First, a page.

Patna, Oct 11: Ever since protestors at Bihar Chief Minister Nitish Kumar's ongoing Adhikar Yatra showed him black flags, district authorities in the state have been scrupulously keeping all things black out of his public meetings. But no one expected dupattas -- pieces of seamless cloth that go with women's salwar-kurta dress -- to be snatched.
Members of the opposition, activists and intellectuals have now sprung to the defence of hapless women who found themselves divested of their black dupattas during Nitish Kumar's ongoing whirl-wind rights rallies across the state.
Over the past two days, policemen in Nawada district and at other places are said to have been removing the dupattas that young girls and women wore at rallies, if the piece of cloth happened to be black. Those unwilling to let go of their dupattas were simply asked to stay away from the meeting.
"I've never heard of something like this. The removal of a dupatta by force is a crime. It is a violation of human rights," said Kanchan Bala, a woman activist.
Another woman activist, Sharda, wondered how a police force that has an abysmal record in checking the rising crime against women, including incidents of rape, has shown such alacrity in implementing the "ban-black" instructions, reportedly issued by none else than the chief minister.
"This is shameful. Nitish Kumar owes the people, especially the women, an apology," Sharda said.
State president of Bihar's ruling Janata Dal (United) Vashisht Narain Singh said neither the party nor the chief minister had anything to do with the removal of black dupattas. "No such order was passed," he said.
A senior police official too said that the state administration and police headquarters have nothing to do with the incidents, and no instruction pertaining to dupattas was issued.
Opposition Rashtriya Janata Dal chief Lalu Prasad, currently visiting different districts for his Parivartan rally, said: "Nitish Kumar's 'good' governance has been exposed, again. If policemen removed dupattas of girls and women attending his rally, the chief minister must have ordered it. He should explain his fear of black." Lalu Prasad was speaking to reporters in Jamui district, ahead of his public rally Thursday.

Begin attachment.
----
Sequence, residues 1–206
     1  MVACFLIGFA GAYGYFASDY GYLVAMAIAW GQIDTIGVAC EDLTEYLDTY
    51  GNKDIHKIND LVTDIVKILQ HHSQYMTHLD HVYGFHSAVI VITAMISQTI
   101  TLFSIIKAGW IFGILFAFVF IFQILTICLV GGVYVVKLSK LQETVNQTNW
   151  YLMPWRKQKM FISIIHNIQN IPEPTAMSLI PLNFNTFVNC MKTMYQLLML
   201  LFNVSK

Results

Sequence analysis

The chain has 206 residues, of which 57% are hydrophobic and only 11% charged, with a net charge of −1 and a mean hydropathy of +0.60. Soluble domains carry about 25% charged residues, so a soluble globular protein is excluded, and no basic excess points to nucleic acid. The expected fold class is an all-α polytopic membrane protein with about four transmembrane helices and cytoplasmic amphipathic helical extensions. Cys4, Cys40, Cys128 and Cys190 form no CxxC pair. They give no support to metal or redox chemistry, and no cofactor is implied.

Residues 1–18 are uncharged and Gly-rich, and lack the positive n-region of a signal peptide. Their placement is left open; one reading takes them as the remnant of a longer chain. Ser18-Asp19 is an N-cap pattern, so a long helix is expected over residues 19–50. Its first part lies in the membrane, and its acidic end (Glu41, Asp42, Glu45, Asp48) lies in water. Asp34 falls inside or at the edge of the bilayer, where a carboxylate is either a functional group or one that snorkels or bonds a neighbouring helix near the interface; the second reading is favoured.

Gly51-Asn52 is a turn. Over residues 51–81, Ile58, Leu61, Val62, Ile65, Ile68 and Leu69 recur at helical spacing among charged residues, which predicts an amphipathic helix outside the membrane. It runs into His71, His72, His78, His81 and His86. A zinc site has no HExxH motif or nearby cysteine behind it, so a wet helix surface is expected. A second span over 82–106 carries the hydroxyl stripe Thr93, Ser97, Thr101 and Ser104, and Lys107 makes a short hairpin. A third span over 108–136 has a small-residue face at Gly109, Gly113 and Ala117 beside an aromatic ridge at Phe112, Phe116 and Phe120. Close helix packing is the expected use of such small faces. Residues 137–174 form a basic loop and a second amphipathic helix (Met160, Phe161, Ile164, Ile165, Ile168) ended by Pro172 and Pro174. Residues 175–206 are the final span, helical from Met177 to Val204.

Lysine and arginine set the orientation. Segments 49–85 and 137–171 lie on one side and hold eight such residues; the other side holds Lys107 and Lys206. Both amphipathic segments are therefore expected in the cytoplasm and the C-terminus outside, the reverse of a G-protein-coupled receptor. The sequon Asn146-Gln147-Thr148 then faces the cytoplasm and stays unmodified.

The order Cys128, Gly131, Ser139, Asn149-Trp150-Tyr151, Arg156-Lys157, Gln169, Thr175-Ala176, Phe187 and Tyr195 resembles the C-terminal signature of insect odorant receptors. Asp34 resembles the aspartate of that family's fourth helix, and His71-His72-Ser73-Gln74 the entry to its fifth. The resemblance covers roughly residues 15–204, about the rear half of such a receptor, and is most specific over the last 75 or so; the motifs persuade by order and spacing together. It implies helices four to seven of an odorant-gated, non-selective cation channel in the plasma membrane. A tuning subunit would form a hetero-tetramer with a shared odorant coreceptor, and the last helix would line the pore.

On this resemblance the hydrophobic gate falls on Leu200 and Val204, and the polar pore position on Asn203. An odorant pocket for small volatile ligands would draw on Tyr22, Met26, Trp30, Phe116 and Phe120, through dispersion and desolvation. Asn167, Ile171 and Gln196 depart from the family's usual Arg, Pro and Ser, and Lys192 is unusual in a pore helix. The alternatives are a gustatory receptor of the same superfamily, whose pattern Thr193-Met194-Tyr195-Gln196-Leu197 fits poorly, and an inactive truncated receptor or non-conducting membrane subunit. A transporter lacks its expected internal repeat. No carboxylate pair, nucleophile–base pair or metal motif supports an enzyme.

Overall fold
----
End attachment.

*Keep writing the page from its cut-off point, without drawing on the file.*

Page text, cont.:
Congress leader Premchand Mishra said it was all just too much. "How can policemen remove dupattas? The chief minister must clarify," Mishra said.
Communist Party of India (Marxist) youth leader Gopal Prasad Sharma said he was at a loss to recall such a thing had ever happened. "This is so undemocratic, it is so regressive," he said.
Theatre activist Anish Ankur wondered if it was necessary for the police force to heap humiliation on women, just to keep the chief minister in good spirits.
The move to ban black comes after protestors held up black flags during Nitish Kumar's Adhikar Yatra last week. Contractual teachers (also called para teachers), demanding parity in pay with regular teachers, had taken out a black flag protest at Nitish Kumar's public meetings in various districts.
Last week, Jamui district Superintendent of Police Upendra Prasad Sharma issued an order to ban black clothes. "People wearing black clothes, black shawls or holding black handkerchiefs are not permitted to attend the chief minister's meeting on Oct 8. Those found guilty of violating the order would be booked under Section 107 of CrPC," that order declared.
Section 107 of the Criminal Procedure Code pertains to security for keeping peace in public places.
Police headquarters later issued the Jamui police superintendent a show cause notice for it, and withdrew his order.
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